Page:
In what can be considered a sign of the times, the New York Daily News, which has been published since 1919, was sold on Monday to the publishing company Tronc. Publisher of both the Los Angeles Times and the Chicago Tribune, Tronc reportedly purchased the Daily for only $1.
While the price tag might be surprising for many, the true cost of the purchase lies in the debt that Tronc will be assuming by making the purchase. As the era of digital news has drawn on, the Daily News has found itself struggling to keep pace and has acquired millions in debts. By purchasing the Daily News, Tronc will be taking on those debts and be responsible for making repayments.
Although a practical move for the Daily News, the sale is yet another sign of the times. Newspaper profits have struggled in an era when the news is delivered faster through the internet and social media. However, the Daily News' competition hasn't come only from online media, but also from its local rival, the New York Post.
The sale marks the end of over 20 years of ownership by real estate developer Mortimer B. Zuckerman, whose political influence could be felt through the paper's catchy headlines. The Daily News often championed the causes of the city's working class, and the paper's front page was often covered in bold proclamations and stirring imagery.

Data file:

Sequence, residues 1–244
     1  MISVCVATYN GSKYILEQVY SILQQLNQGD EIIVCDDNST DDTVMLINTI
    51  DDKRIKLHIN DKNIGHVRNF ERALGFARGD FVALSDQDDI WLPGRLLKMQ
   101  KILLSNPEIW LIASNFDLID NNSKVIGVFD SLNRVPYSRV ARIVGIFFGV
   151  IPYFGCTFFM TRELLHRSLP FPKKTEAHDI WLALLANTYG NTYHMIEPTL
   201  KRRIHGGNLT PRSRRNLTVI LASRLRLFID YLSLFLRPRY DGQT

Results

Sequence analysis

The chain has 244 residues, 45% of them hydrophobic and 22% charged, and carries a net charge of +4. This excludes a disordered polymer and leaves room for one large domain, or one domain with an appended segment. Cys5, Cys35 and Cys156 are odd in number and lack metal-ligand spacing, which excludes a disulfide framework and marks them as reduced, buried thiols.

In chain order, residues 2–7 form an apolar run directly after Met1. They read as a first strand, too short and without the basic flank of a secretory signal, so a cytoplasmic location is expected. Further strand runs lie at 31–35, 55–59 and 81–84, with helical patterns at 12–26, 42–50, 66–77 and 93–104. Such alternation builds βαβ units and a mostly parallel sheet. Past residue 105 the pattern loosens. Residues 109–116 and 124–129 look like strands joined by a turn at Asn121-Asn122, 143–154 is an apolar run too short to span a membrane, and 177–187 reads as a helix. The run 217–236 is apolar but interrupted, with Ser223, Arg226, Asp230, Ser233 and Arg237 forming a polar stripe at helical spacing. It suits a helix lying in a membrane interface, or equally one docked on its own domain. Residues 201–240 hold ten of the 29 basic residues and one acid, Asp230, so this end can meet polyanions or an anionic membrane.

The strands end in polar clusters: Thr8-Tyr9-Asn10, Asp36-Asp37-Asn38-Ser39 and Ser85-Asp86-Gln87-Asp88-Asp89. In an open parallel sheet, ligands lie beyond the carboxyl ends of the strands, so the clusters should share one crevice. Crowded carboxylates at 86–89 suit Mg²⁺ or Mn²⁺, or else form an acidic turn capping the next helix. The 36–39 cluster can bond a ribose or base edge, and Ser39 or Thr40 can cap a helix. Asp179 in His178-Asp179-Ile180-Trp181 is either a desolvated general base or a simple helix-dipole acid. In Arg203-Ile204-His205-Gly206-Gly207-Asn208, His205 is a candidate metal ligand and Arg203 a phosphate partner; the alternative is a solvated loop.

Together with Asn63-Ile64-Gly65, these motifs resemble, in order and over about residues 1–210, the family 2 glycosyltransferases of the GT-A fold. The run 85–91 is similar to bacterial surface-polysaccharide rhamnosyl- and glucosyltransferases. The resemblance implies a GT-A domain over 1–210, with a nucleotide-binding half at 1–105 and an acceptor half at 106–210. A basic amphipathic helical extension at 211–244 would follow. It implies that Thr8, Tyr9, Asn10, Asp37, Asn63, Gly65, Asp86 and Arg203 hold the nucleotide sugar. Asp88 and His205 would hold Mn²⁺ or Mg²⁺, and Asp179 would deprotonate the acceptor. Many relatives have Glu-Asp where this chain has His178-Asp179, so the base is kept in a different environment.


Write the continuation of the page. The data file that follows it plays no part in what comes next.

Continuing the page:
This past year, the paper shared in a Pulitzer Prize for covering the abuse of eviction rules in New York City by the police department. At the national level, the paper has been unafraid to criticize President Donald Trump at almost every turn.
The future direction of the paper is uncertain, but the change in ownership seemed inevitable. Over the last few years, the paper's circulation declined from over 2 million to just a few hundred thousand. Meanwhile, the staff shrunk notably even as the paper was trying to compete against both the New York Post and online competition. However, the Daily News may benefit from being part of the larger Tronc brand. The acquisition means Tronc will now control publications in each of the country's three top media markets.
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